High end brake and derailleur cables: Nokon vs Alligator iLink
This winter my cross bike will need a fairly significant maintenance overhaul with new cables for brakes and shifting, new chain, bar tape, etc. I am considering trying the high end cables like Nokon and/or Alligator iLink. Has anyone installed these on your bike? If so, how was your experience with installation? Riding? Etc......
Depending on how you use the bike I might look into a sealed cable system like Gore Ride-On instead, which will help keep the gunk off the cables when you're in the mud and grit.
I've used Nokon cables/housing and generally stopped unless I'm forced to. I bought Nokon cables/housing for two bikes that I wanted to be extremely light. That is something that it does very, very well. Nokon housing is a little less than 1/2 the weight of conventional housing. The Nokon carbon housing is about 1/3 the weight. When counting grams, that is a pretty big deal.
Unfortunately Nokon housing is a pain to install and though the cables last a long time, you need to replace the housing lining fairly regularly often or they do not run smoothly. Replacing the lining is even more of a pain than the initial installation.
The only time I find Nokon cables work well is if you have a bike with cable routing that require that the housing make a very tight bend. Nokon housing can make sharp turns that no other housing can come close to.
1) Yokozuna makes compressionless housing and smooth cable sets that are truly amazing! It costs less than half the cost of Nokon. It lasts 3x as long.
There is a down-side to them. You need to be VERY precise in your installation and getting the housing lengths just right. The housing is extremely stiff, so having the cable housing lengths off can make it so that your front wheel wants to rest a little to the left or right. When the bike is in the stand, you can feel the housing stiffness when you turn the bars. On the bike I've never noticed it when attempting to turn or ride no-hands. If your wheel is canted to one side, however, riding with no hands gets a lot more "interesting"... and not in a good way.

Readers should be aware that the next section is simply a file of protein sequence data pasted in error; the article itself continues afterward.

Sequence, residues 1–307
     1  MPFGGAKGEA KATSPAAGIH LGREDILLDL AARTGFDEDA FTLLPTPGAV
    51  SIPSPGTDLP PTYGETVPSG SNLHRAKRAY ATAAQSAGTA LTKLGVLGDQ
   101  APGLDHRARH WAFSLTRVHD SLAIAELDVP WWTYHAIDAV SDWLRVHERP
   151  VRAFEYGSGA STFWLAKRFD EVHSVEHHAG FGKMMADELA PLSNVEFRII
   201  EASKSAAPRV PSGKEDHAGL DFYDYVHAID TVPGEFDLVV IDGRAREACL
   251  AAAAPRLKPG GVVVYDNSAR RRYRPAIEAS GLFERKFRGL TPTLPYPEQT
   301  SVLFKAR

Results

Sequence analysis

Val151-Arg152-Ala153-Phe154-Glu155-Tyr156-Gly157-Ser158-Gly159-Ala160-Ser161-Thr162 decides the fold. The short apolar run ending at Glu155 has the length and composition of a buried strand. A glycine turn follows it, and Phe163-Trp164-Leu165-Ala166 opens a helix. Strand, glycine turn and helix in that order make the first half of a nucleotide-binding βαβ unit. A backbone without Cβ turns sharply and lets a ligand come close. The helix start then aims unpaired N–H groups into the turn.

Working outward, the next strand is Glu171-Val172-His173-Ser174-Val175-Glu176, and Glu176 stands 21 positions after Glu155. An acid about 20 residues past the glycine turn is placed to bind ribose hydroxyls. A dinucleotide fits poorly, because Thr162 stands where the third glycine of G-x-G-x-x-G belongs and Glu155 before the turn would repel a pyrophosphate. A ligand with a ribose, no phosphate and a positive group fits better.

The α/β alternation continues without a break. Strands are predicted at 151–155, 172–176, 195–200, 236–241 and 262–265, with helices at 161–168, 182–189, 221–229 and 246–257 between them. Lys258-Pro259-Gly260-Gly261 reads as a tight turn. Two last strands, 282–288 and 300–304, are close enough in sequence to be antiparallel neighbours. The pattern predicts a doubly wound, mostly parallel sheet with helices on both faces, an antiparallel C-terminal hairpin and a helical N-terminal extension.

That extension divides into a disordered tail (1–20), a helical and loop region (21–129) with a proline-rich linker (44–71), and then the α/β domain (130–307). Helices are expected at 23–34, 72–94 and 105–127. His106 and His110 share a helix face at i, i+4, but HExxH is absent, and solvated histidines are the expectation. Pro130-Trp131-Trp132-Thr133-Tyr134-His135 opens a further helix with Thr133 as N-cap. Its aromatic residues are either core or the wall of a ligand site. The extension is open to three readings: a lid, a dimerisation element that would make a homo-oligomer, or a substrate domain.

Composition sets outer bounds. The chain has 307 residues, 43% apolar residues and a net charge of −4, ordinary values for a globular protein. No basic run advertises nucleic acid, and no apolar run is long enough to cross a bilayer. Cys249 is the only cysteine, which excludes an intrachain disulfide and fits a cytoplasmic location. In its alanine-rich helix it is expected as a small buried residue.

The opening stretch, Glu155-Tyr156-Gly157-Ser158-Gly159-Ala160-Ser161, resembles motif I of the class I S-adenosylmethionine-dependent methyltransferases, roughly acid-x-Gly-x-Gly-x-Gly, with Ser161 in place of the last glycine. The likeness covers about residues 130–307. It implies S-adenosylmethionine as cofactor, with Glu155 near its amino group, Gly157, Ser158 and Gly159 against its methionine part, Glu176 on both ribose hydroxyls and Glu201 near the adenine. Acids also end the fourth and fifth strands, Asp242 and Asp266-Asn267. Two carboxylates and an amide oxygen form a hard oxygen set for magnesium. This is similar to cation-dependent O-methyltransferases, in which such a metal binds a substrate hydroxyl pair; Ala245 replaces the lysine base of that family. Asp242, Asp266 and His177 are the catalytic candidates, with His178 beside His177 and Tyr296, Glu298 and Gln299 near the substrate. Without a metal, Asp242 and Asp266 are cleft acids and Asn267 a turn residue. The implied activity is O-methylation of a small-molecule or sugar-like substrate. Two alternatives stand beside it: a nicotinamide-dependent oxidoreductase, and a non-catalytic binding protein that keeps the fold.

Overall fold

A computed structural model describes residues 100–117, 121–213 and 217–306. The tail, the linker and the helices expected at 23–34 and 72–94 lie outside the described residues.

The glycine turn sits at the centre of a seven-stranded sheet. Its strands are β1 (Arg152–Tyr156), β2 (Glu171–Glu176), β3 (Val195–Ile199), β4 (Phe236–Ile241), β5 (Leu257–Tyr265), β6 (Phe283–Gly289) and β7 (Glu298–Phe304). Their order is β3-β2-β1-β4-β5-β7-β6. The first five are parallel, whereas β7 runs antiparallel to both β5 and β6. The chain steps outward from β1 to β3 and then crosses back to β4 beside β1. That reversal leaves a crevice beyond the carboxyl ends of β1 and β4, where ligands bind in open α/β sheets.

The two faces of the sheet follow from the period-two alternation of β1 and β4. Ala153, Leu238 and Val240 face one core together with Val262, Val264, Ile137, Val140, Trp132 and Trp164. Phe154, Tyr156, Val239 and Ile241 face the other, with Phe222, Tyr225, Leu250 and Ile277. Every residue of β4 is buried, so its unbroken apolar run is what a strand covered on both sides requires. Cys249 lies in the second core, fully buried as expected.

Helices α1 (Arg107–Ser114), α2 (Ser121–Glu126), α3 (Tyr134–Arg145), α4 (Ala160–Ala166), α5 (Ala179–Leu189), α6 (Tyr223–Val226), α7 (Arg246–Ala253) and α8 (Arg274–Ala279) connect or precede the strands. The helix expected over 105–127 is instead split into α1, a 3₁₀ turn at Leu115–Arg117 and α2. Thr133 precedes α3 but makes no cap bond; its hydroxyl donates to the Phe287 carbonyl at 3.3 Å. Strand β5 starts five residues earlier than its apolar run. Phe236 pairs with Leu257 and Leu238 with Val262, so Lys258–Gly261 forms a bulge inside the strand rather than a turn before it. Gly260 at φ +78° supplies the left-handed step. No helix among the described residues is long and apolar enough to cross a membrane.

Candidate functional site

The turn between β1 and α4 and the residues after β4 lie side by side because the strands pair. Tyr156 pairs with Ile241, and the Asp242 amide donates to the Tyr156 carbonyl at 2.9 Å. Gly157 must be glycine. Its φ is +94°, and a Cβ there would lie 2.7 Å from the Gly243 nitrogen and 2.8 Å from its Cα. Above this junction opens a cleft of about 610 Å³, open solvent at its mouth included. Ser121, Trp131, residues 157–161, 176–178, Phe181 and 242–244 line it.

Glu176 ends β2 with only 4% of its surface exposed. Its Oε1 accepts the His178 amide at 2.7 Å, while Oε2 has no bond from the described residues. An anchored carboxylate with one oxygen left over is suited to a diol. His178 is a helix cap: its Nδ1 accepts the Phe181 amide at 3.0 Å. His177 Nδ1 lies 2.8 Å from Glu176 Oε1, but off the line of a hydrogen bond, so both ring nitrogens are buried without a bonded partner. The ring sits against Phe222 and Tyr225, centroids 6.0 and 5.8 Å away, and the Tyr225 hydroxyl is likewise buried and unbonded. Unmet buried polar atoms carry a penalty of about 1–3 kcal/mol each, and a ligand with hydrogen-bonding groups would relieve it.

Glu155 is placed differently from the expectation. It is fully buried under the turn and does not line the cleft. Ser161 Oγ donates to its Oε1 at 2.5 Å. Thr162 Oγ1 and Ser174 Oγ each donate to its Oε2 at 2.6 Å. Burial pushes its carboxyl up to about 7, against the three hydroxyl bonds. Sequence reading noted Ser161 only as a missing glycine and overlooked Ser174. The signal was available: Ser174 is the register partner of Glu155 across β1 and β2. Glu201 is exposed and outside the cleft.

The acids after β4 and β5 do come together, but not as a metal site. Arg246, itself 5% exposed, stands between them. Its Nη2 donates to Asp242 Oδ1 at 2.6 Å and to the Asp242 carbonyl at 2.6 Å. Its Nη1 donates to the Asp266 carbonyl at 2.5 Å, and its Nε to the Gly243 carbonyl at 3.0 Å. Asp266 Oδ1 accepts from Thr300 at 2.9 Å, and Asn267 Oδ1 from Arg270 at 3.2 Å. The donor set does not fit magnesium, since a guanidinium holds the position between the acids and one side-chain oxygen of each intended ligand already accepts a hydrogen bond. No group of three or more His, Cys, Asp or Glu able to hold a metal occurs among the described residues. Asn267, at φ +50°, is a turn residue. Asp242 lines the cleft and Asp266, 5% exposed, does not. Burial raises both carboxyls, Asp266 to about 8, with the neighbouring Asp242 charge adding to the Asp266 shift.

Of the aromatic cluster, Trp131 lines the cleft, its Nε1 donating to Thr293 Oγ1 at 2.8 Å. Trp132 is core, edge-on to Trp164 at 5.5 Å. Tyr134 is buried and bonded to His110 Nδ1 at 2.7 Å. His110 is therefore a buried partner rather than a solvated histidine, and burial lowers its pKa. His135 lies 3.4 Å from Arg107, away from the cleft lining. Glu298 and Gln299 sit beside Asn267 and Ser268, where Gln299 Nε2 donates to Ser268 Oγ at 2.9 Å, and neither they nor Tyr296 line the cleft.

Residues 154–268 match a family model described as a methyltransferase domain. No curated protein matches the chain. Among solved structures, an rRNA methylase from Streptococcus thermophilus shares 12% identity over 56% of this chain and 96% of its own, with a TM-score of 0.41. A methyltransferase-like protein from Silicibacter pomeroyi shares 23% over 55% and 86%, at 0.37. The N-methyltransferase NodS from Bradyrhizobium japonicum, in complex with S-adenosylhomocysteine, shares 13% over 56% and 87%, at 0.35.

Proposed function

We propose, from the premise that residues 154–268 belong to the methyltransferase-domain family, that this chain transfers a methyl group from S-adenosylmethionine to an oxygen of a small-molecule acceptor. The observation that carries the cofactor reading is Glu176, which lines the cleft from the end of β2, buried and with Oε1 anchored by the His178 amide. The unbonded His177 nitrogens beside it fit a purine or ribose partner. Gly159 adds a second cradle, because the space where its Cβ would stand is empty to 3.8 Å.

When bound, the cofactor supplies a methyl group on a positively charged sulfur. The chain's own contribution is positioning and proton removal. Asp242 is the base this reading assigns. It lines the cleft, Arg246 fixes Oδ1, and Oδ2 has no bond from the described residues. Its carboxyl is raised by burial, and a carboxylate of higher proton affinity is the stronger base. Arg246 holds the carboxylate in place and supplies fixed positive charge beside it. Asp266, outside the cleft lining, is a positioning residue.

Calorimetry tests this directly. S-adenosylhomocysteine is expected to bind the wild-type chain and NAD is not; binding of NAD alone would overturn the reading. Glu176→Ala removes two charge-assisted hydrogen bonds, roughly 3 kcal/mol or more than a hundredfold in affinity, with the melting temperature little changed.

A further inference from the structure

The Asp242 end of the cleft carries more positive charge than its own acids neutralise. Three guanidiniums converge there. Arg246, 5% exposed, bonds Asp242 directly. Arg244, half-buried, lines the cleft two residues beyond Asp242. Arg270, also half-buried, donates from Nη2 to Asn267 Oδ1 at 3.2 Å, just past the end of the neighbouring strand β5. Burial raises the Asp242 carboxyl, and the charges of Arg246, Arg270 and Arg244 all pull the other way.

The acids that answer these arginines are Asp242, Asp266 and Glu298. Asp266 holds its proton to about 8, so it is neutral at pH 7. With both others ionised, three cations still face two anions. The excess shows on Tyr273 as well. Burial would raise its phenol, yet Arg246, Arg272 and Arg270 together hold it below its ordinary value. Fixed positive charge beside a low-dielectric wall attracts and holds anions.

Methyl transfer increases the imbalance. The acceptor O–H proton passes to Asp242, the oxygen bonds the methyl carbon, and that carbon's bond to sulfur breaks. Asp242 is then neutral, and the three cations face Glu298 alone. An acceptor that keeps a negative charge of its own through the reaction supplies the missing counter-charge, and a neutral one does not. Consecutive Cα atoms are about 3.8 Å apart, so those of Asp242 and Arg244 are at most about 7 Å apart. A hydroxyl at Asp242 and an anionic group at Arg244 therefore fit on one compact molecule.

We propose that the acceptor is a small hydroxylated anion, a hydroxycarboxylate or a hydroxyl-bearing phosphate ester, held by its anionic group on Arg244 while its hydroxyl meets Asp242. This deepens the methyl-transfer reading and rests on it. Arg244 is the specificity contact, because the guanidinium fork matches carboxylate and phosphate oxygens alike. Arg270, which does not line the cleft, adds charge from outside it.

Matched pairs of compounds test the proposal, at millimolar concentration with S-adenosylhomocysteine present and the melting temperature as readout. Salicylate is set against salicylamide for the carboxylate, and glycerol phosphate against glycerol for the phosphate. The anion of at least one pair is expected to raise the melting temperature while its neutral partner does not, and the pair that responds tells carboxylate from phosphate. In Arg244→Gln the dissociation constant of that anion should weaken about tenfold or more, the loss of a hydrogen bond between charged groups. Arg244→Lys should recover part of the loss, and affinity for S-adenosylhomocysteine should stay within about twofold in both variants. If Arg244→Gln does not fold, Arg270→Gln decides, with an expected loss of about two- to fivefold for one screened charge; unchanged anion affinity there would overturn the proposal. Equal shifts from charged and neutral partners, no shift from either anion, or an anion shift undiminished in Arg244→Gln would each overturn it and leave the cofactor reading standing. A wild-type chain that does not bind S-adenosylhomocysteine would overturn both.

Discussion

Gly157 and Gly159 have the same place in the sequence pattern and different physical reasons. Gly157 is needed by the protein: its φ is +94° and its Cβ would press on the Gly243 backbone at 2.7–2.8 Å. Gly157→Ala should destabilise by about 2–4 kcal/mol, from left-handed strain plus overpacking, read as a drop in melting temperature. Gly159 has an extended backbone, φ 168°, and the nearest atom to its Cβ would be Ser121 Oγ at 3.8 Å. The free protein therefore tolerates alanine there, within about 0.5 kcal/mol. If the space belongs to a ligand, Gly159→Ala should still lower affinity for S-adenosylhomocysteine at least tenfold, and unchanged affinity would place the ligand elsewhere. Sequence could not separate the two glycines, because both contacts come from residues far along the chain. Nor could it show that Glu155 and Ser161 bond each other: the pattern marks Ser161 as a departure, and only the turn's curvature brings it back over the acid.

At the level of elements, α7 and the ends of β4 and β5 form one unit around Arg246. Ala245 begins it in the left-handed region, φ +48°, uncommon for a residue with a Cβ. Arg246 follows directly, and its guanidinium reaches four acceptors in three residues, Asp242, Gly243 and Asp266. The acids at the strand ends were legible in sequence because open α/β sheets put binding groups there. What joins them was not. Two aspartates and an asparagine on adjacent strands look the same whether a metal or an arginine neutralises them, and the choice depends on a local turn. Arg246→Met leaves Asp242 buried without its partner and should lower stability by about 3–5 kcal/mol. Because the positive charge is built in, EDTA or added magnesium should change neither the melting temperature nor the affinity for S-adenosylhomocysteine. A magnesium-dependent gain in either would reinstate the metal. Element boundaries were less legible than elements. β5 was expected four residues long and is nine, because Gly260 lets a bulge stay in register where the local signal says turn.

2) Jagwire bulk housing and cables. For less than what you'd pay for Nokon cables and housing for your bike, you can get a box of bulk brake and derailleur housing made by Jagwire. This stuff won't feel better than the Yokozuna, but when it is new, it feels and shifts GREAT! Since you have a huge box of new housing, when the old stuff starts feeling bad, replace it with new. I do this for most of my bikes. This avoids the trap that many people fall into.... "I paid $130 for these damn cables/housing. I'm not going to replace them after only 8 months." If it costs you under $10 to change cables AND housing, you're a lot more likely to do so often.
The only problem is that the bulk housing is hard to get in pink.
I hope that helps.
Dirt and DaveK,
Thanks for the info. Good stuff there.
So upon thinking a little more, I am planning to try the Jagwire Racer kit and install it myself (my first time recabling a bike). I figure its best to start doing my own maintenance and starting with cheaper cable is a good idea. If I like the Jagwire, then I will buy in bulk. Probably going to wait and see what Santa brings me. In the meantime, if a great deal on higher end cable comes around maybe I will jump. I do like Dirt's theory: use the cheap stuff and change it more often rather than hold on for dear life with worn cables just because they were so expensive to start with. However, I do like the look of those Alligator iLink cables.
I change cables about every 5000 miles and change housing every 10,000 miles on road bikes. Mountain bikes get it more often. If the cables are binding, then I change the housing when I change the cables.
When shifting feels like you are pulling an anchor through a slurry of sand and oil, it is probably time to change the cables.
What an awesome example of putting something quite technical into terms Liberal Arts majors can understand.
Originally Posted by pfunkallstar
Thanks again to forum participants who are so gracious in sharing their technical expertise.